Doubting Thomas

County prosecutors charged a teenager with looking at kiddy porn. Turns out they hadn't done their homework

As it turns out, the sum total of the prosecution's evidence against Matt Bandy was that someone with access to his family's computer had posted child porn on a Yahoo! chat room.

That might have been anyone with a bit of computer savvy, as Loehrs determined. Thanks to the Trojans, a person didn't have to be in the Bandy home to be accessing the family's hard drive.

The prosecutor's computer "expert," Detective Larry Core of the county attorney's office, had never even bothered to check out the possibility of a virtual intruder.

Dr. Gregory Bandy and his wife, Jeanne, spent $250,000 defending their son, Matt.
Tony Blei
Dr. Gregory Bandy and his wife, Jeanne, spent $250,000 defending their son, Matt.
County Attorney Andy Thomas ran on a platform of being tough on child porn.
courtesy of Andrew Thomas
County Attorney Andy Thomas ran on a platform of being tough on child porn.

"Did you find any viruses, evidence of any virus?" Novak asked, according to the transcripts.

"I didn't look," Core replied.

"Did you look for any evidence of hacking?" Novak asked.

"Nope," Core replied.

"Did you look for any evidence of back-door entries into the computer?"

"Nope," said Core.


Los Angeles-based computer expert Jeff Fischbach first started consulting on porn cases 11 years ago. He immediately assumed, he admits, that if someone was charged with possession of child porn, they were guilty.

But since that time, Fischbach has learned to make no assumptions. Viruses that allow remote access are on practically every hard drive, he says, yet few prosecutors bother to look for them and weigh their presence before throwing the book at a defendant. (Really, the only way most people can guarantee safety is to have a full-time IT expert, like most big companies. Long before the police showed up at their door, after all, the Bandys had asked their salesman at Best Buy how to make the computer safe, and followed his recommendations. Clearly, that was not enough.)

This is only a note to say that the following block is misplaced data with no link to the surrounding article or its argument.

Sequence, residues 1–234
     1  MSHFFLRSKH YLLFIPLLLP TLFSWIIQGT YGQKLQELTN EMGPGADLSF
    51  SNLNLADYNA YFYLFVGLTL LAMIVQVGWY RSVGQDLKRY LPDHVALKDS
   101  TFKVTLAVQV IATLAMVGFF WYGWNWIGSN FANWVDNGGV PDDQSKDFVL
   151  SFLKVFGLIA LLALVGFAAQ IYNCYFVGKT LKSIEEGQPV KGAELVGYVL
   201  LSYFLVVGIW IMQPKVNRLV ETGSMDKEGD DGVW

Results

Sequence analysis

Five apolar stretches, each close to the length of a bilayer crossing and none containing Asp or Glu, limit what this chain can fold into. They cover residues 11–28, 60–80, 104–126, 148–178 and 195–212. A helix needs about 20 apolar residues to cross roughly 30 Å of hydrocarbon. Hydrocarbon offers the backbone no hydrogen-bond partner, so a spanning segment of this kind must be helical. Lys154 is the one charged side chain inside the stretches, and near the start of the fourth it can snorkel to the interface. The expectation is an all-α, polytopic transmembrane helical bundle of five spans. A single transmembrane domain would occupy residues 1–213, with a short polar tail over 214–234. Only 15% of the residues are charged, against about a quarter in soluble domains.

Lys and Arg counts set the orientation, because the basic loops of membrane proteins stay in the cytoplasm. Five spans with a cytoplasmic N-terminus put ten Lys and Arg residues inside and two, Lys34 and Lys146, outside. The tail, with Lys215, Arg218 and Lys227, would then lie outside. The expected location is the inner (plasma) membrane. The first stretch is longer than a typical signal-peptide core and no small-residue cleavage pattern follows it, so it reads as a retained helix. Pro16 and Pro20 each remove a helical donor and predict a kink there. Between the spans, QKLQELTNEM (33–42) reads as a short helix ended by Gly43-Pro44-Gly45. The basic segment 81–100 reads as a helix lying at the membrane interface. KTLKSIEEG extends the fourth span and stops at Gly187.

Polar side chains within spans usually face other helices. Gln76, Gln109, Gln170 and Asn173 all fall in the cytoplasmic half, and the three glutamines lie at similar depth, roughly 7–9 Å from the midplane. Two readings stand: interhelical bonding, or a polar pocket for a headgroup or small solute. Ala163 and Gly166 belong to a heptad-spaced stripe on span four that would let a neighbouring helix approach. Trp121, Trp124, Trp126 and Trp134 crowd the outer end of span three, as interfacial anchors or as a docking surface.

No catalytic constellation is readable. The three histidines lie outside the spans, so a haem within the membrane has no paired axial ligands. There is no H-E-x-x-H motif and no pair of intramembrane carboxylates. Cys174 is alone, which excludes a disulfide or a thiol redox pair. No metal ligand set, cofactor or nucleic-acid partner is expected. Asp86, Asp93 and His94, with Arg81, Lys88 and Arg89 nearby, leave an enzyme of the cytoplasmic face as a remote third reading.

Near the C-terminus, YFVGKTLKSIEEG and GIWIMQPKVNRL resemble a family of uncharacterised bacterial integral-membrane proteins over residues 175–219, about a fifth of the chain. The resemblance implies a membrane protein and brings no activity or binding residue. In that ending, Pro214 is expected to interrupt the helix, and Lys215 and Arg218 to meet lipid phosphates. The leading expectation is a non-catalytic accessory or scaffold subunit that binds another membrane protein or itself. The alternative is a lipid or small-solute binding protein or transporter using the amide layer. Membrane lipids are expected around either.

But despite what any outside party would likely consider reasonable doubt, good criminal lawyers have learned that they have little chance of winning over a jury, even with a virus-riddled hard drive.

Their only hope is to convince a prosecutor to be reasonable — to look for evidence of someone with a child porn problem, not just someone with a few random images on a pregnable hard drive.

"The minute you get these images before the jury, their ability to think about anything else is gone," says Fischbach, who has consulted on numerous cases. (He was not involved with either side on the Bandy case.) "At that point, somebody's responsible. Somebody's got to pay. The problem is, in that process, lives get ruined."

That very nearly was Matt Bandy.

He spent months wearing an ankle bracelet. He dropped out of high school because of the stress of trying to hide it from his classmates — and the stress of facing life in prison. His parents, who believed in his innocence from the beginning and never wavered, spent $250,000 on attorneys and experts.

Mindful of the fact that a jury trial could easily net 90 years in prison, Matt agreed in October to plead to lesser felonies: three counts of showing a Playboy around at school, when he was 16.

And he agreed to be registered as a sex offender — despite the fact thatthe report from the county's probation department decreed that Matt "doesnot fit the criteria for sex offender status" and recommended against it.

"I had to be in by 9 p.m.," says Matt. A tall, gawky kid who'd like to be the next Steven Spielberg, his quiet manner masks a dry wit.

"I couldn't have anything depicting a woman in a sexual manner — basically, I couldn't even have a Sports Illustrated with a cheerleader in it. I couldn't be around children. If I wanted to date anyone, I had to inform her on the first date what I'd done and take her to meet my probation officer."

Matt's probation officer, his mother says, insisted that if he wanted to accompany his family to church, he needed a signed letter from their priest, saying it was okay.

If a kid sat down next to him in the pew, Matt had to move.

"Have you ever had one of those dreams where nothing was making sense?" asks Jeanne Bandy, shaking her head. "This was literally a nightmare."

It was only Maricopa County Superior Court Judge Arthur T. Anderson who served as a voice of reason. In Matt's sentencing hearing on November 22, Assistant County Prosecutor Daniel Strange argued that the prosecution was being "generous" and stressed the presence of child porn on the Bandys' computer.